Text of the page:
Volume 48 (2011) / Issue 3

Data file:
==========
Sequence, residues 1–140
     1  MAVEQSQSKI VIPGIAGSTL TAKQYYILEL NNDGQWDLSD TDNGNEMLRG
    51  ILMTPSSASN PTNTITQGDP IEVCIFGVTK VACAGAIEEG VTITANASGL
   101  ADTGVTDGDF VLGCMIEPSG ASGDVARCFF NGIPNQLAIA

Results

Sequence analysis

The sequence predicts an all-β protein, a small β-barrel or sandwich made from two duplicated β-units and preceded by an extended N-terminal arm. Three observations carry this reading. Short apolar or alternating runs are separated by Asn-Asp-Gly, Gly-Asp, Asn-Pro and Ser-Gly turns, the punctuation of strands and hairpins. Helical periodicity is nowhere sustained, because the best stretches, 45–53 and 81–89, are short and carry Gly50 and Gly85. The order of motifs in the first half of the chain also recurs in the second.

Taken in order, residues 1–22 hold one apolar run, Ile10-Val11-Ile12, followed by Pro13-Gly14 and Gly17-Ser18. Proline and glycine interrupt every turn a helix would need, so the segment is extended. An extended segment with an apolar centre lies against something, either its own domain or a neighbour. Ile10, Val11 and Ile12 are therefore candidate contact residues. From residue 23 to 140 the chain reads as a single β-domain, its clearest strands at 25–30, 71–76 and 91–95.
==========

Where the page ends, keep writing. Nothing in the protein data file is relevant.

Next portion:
Although only addressed by EU law from 2000, age discrimination has been the theme of quite a few cases before the Court of Justice, with a high proportion decided by the Grand Chamber recently. This is due to the conceptual and theoretical challenges that a prohibition to use age as differentiating factor poses. After all, age has been an important stratifier used to synchronize life courses through welfare State regimes in Europe. Partly due to these traditions, there are stereotypes associated with old age, and young age, that in turn lead to disadvantage in employment. For the same reason, age discrimination frequently intersects with discrimination on other grounds, such as sex, race or disability. EU legislation on age discrimination has sought to accommodate the traditional role of age in employment policy by allowing wider justifications than for other forms of discrimination. This leads to contradictions within the larger field of discrimination law, which may even threaten to dilute its efficiency. This article analyses how recent case law of the Court of Justice, and in particular its Grand Chamber, deals with the theoretical challenges posed by these conflicting demands on age discrimination and on discrimination law at large.
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